O’Leary: Ambrosie on CFL-XFL talks, The Rock & more
As the news emerged on Wednesday of the CFL’s alignment with the XFL, the reverberation across Canada was immediately evident. Within an hour of the joint statement between the two organizations, both the CFL and The Rock were Top-10 trends on Twitter in Canada.
That part of the equation shouldn’t be a surprise to anyone. While these discussions are still in the exploratory stage, the intent of the announcement was to be upfront with the fans of Canadian football.
“We just wanted to be transparent,” commissioner Randy Ambrosie said, moments after the news was made public.
“We’ve got great fans and we have a great group of players and we thought, ‘Before we get too far along we’ll just let the world know that we’re talking.’ We don’t know what the outcome of all of this will be. But we are excited to be in this conversation.”
Ambrosie covered the origins of these talks, the similarities the two groups have and what his conversations with Dwayne ‘The Rock’ Johnson have been like in an exclusive interview with CFL.ca.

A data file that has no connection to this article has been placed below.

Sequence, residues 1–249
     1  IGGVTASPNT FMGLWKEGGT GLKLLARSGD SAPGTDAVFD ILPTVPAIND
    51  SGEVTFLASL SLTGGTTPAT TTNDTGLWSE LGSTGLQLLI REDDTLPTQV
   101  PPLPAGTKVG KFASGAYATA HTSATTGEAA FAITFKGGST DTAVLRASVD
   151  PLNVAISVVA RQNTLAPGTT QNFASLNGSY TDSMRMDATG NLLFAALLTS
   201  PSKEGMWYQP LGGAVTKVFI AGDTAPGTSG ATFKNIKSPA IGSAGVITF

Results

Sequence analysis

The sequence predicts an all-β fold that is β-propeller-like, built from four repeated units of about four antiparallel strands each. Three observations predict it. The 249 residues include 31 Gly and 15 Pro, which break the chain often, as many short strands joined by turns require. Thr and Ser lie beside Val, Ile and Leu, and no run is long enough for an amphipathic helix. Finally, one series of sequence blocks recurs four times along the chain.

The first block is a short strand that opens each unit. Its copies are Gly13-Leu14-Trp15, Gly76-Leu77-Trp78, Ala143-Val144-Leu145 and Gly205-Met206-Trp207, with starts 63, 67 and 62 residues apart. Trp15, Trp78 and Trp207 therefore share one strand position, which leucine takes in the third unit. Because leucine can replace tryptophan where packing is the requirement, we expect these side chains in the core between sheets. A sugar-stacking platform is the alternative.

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Chris O’Leary: Can you take us through the process of this alignment, how it came together and where your discussions are now?
Randy Ambrosie: I’m not sure I remember perfectly how all this started except we’ve been talking to the world of football for some time now. Of course in this pause in our own play, it was a part of our everyday routine just to be reaching out to our partners and thinking about the game of football and obviously looking for opportunities to accelerate our success and grow our game.
And it just so happened we ended up in this discussion with the new ownership group at the XFL and immediately found some real alignment with what they want to do and the skills and background of the group.
Dany Garcia and Dwayne Johnson have been long-term business partners and Dwayne Johnson’s success is literally unparalleled. That led us to where we are today.
CO: Where do you think you’re aligned the most? What’s stood out to you in these conversations to this point?
RA: I think they just want to really grow the game of football. They have a great passion for the game. They want to see football grow in North America, they want to see it grow around the world. They have a great love of the athletes that play our game, of course as do I, and as do all of us.
They see an opportunity to use entertainment and perspectives from the world of entertainment to create greater fan engagement and that’s something we’re really very excited about. There were just so many different things that we shared views on and we have similar values, that it was obvious that there was something here.